Other People’s Lives
By Hoggart, Simon
There was a sad moment in The Family (Channel 4, Wednesday) this week when Dad, the very long-suffering Simon Hughes, is inspecting his daughters’ bedroom, and doesn’t like what he sees. He has been assured that the room is neat and clean, so he responds with a blast of sarcasm. ‘Oh, look at this tidy, tidy, tidy room, oh crumbs, how tidy it is, all this stuff doesn’t exist, it’s a figment of my imagination . . . ‘ I felt a blast of pity for him. Most dads, like me, would have given up long ago but he goes onward, ever onward, in the quest for orderly bedrooms. Sisyphus had it easier with his rock.
Of course, the kids don’t see it that way.
One of the girls has a voice-over (strange device for a reality show, inviting the victims to provide their own commentary) and says, ‘Who cares about a few plates and glasses?
No wonder we don’t talk to him about serious things, ‘ which sounded like plain common sense, though all dads know perfectly well that even if they let the floor disappear altogether under a Jurassic stratum of plates, mugs and cups, there is no way the girls would breeze along for a chat about their latest boyfriend, his tattoos, and how far they should let him go now they’ve been an item for almost a week. As Emily says, ‘Typical dad, wants to know everything. Doesn’t he realise we need to keep a few secrets?’ As all parents know, cute little babies are nature’s bribe to make you have teenagers.
Another critic has said that The Family is simultaneously boring and fascinating, and I can see what that means. It’s boring because there’s no real plot. Everything goes round in circles. Highly strung Emily wants to go clubbing and doesn’t let anyone forget it.
Easy-going Charlotte wants to leave school and she bangs on about that. It’s entrancing because it resembles everyone’s home life.
We reprise the same arguments, the same meals, the same visitors, the same television shows. That’s what we like about home. Let the outside world be full of dramatic events, challenges, credit crunches and homicidal cyclists — at home we prefer things to chunter on much as they always do. They certainly do chez Hughes.
There are, we are told, 100 cameras secreted about the home, which means that we chase them everywhere except the bathroom. In the original The Family 34 years ago, possibly the first-ever reality show, the cast were followed everywhere by men with cameras hoisted on their shoulders. They could not be ignored. The Hughes family, by contrast, often seem to forget that every word and move is being recorded, and — much worse — edited. I can’t see yet which way this series will jump — it might get appalling ratings for being dull, or it might successfully replace the utterly moribund Big Brother. We should know within a week.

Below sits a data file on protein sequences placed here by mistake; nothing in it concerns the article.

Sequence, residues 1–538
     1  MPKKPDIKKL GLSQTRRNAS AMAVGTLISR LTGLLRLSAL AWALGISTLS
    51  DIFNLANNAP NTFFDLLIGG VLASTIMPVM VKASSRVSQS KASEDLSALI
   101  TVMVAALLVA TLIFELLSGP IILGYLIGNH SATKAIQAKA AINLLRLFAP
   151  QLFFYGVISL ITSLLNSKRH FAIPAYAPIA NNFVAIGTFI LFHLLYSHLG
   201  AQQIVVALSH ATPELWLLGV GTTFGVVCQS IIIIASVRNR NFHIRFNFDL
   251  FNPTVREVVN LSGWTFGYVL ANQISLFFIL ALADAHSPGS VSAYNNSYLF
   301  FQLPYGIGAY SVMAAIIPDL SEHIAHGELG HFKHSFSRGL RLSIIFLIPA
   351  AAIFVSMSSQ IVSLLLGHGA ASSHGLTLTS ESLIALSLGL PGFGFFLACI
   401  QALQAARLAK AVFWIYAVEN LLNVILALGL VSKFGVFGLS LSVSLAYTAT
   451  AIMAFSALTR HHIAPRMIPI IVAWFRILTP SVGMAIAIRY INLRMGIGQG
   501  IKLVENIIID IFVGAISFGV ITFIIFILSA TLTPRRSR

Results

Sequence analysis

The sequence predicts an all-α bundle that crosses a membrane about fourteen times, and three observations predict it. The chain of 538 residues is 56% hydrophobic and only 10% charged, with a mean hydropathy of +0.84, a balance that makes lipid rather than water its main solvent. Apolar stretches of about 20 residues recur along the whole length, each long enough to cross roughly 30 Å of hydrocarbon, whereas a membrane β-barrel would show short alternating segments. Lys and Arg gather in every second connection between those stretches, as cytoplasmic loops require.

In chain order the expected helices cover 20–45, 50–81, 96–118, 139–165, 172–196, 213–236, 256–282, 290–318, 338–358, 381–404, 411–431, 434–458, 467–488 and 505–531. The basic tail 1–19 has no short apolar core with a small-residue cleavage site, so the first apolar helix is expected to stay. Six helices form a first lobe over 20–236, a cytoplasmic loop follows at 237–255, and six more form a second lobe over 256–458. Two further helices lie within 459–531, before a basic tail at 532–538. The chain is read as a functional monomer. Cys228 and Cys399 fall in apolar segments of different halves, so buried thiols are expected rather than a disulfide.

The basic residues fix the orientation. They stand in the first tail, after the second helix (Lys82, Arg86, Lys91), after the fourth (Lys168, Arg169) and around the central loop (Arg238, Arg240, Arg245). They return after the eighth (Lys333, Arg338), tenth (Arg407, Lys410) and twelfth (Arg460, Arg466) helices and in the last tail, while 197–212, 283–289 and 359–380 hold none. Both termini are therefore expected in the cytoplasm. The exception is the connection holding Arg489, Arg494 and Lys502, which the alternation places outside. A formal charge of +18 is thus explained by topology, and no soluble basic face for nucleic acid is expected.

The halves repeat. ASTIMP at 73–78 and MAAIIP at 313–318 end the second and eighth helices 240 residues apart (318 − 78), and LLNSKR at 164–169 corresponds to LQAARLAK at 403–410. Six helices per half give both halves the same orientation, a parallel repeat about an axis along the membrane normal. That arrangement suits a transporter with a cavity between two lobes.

Merlin (BBC 1, Sunday) is Arthurian legend turned into a video game. Everything, including the enormous Camelot, looks like a collection of pixels. Young Merlin, a teenage warlock, arrives at the castle just in time to watch a brutal beheading. Then Morgan Le Faye, a hideous crone, vows revenge on Uther Pendragon and disappears, leaving only a bundle of rags to evaporate in the air. Yet Merlin looks quite unsurprised by this turn of events, wandering off like a boy whose mother has told him to come in for tea. He gets into a fight with another youth, not knowing this is the future King Arthur — written as an odious bully and played by an actor who looks a lot like Prince William — so is hurled into a dungeon, where he looks mildly uncomfortable, as if he’d had too many WKDs at two-for-one night. The language is very modern and up-to-date (‘I’ll be outside if you need me’; to the prince:
‘How long have you been training to be a prat — my lord?’). Normally this kind of anachronistic dialogue makes my teeth fur over, but since Camelot didn’t exist, and if it did I wouldn’t have the faintest idea how they talked, it doesn’t seem to matter much.
The show belts along and I suspect young people will enjoy it a lot. But it is really a cunning knock-off of Harry Potter, in which a very modern young person gets involved in magic and sci-fi and meets a dragon who sounds like John Hurt because he’s voiced by John Hurt.
Even Camelot looks like Hogwarts after the builders have been in.
Copyright Spectator Sep 27, 2008
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